I am also a little worried about how well Chris Andersen can do against Dirk. The Birdman was amazing when pressed into duty on the big German in game one, but I think Dirk can drive on him. If Dirk throws a little pump fake at Birdman to get him to at least raise up on his toes will free Nowitzki to drive past him and get to the rim. I still believe Kenyon is the best option to defend Dirk.
Apart from their slow start the Nuggets played a very strong game. I have very few recommendations for the Nuggets. They should keep pounding the middle with pick and rolls by Nene. J.R. Smith needs to be relentless going to the rim. Melo needs to be aggressive as well both in the post and driving from the wing.
Defensively I believe they can do a better job of fighting over the high screen from Dirk. There were instances where they just switched without forcing Nowitzki to set a strong screen. Dirk typically sets very strong screens, but do not let him off the hook by anticipating that he will do so. Force him to set a strong screen and absorb the contact.
From a rotation standpoint the only way Kleiza should be in the game is if Josh Howard is not. Of course, it will help if Melo can avoid foul trouble. I would also cut Dahntay Jones’ playing time from 18 down to the 10 or 12 minute range to get J.R. Smith and Anthony Carter more floor time.
However, everything comes back to which team is going to play tough playoff basketball. So far the Nuggets have raised their game to the perfect level of aggressive physical play while their opponents have not been willing or able to do the same.
I have never felt so confident about the Denver Nuggets in my life. They are nearly unbeatable at home where they are playing with supreme confidence and being pushed to new heights by great crowds. I do not need to hope Denver will win, I know they will and I can get used to it.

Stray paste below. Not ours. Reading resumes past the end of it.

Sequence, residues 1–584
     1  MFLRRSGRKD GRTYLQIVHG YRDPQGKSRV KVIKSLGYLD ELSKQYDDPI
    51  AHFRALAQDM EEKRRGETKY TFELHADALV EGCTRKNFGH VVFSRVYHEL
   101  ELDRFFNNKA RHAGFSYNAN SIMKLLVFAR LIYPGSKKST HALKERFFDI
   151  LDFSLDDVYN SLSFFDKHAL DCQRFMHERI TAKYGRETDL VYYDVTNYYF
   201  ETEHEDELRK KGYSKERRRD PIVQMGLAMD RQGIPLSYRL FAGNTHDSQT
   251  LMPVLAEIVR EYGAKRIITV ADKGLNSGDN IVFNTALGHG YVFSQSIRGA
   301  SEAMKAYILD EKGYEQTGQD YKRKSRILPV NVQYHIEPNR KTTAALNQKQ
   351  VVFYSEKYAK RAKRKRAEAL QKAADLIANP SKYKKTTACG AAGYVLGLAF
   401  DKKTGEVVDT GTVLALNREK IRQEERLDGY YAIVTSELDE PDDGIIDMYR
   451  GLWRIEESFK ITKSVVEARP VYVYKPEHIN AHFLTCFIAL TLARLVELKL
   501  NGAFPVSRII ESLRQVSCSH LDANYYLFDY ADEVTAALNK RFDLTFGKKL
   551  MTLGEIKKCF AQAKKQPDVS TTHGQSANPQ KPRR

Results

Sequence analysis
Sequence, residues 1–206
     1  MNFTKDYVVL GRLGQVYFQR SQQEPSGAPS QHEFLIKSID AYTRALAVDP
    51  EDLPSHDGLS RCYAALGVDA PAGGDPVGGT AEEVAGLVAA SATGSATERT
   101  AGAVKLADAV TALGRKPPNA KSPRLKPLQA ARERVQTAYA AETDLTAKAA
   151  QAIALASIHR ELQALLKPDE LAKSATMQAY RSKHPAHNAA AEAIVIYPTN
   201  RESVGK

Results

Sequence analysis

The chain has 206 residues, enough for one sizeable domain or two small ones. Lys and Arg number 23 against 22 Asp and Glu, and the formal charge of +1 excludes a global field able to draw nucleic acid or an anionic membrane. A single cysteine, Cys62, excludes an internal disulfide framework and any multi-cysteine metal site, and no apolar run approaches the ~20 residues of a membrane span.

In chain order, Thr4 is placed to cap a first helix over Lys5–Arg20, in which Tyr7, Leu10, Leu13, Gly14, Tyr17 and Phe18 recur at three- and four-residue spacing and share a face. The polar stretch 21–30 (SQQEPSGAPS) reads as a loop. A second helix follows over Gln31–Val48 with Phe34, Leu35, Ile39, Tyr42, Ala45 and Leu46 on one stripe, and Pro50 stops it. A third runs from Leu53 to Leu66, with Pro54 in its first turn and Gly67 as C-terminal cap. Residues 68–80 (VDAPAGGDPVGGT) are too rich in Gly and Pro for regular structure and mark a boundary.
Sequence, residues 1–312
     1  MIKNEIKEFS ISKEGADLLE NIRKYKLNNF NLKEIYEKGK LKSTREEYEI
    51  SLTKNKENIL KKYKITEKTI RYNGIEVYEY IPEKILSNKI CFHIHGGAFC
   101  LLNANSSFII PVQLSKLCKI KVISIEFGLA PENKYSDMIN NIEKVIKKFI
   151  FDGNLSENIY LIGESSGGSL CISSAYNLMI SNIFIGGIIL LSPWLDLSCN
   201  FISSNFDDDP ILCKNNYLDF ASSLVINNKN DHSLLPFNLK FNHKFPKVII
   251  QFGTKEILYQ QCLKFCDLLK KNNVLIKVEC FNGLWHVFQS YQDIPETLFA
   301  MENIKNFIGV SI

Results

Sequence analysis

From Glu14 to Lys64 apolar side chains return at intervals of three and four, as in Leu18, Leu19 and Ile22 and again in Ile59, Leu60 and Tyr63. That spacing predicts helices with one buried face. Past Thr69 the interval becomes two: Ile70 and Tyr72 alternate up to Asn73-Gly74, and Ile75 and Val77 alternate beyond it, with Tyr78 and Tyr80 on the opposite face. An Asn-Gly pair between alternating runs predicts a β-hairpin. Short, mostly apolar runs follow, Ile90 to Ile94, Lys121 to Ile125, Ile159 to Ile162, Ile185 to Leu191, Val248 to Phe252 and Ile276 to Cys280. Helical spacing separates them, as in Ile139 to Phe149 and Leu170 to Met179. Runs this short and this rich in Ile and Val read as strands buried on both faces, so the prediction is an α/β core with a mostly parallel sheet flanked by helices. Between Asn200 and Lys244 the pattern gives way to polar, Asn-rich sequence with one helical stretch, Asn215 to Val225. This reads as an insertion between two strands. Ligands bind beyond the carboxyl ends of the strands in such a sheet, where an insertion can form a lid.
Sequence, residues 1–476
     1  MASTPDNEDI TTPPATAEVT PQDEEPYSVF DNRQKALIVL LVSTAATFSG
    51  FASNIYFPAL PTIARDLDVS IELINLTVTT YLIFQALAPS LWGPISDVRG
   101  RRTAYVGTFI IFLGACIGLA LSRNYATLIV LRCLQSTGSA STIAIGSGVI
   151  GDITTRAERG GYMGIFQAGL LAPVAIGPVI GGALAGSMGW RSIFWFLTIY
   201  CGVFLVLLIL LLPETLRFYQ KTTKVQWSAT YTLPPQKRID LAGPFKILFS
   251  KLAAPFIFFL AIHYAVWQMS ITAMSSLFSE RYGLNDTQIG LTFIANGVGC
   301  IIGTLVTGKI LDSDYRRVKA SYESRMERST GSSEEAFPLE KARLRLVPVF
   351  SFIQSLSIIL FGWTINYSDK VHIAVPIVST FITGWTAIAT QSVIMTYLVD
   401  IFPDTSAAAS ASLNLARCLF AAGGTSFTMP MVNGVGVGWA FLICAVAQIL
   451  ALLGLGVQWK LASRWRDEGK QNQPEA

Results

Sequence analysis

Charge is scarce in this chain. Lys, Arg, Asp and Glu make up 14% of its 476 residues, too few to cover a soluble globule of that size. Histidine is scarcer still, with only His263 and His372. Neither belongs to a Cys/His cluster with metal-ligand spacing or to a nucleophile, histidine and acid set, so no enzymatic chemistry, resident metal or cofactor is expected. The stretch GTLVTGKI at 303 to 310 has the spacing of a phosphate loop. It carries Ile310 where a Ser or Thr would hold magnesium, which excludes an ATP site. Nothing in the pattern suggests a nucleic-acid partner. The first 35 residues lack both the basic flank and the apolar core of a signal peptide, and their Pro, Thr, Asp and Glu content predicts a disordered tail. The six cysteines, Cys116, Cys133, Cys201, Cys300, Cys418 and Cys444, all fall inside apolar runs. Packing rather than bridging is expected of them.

Take this with you: I am going to pass on a couple of links here. First George Karl is not a big fan of the NBA’s decision to fine Kenyon Martin. Secondly, celebrate Cinco de Mayo with LaPhonso Ellis. It has been exactly 15 years since Ellis’ 27 point 17 rebound game in the first round series against the Sonics in 1994. Oh Yea and one more. Footage from the lockerroom right after the Nuggets won game five to beat the Hornets.
Thanks to Brandon from BallerBlogger for the link.
Once again I simply do not know where to start. There were so many great storylines for the Denver Nuggets during their game one 109-95 win over the Dallas Mavericks I do not think I can do them all justice.
Carmelo was in foul trouble for much of the game, but came alive in the fourth quarter. George Karl went small in Melo’s absence and it worked marvelously. Nene was simply a beast in the paint. The play of Chris “Birdman” Andersen and Anthony Carter off the bench was nothing short of amazing and of course the team defense played by the Nuggets was exceptional by the end of the game.
I have to start off with the defense.
As was pointed out before the series started defending the Mavericks will be much more difficult than shutting down the Hornets. Early on the Nuggets’ plan to switch the high screen set by Dirk Nowitzki seemed disastrous. Dirk started the game 6-6 from the floor and despite the switching Dirk was getting very open looks and the Nuggets were clearly struggling with matching up with him.
Things changed when Kenyon Martin leveled Dirk with a forearm along the baseline. I think that play triggered a response from both the Nuggets and Dirk. For Denver, they started playing Dirk much more physically and the open space he was enjoying early on disappeared. For Dirk he was no longer as aggressive going to the rim. Over his final 17 shots he only took four at the rim. Was it a result of the hard foul or the Nuggets’ increased pressure? My guess is it was a little of both.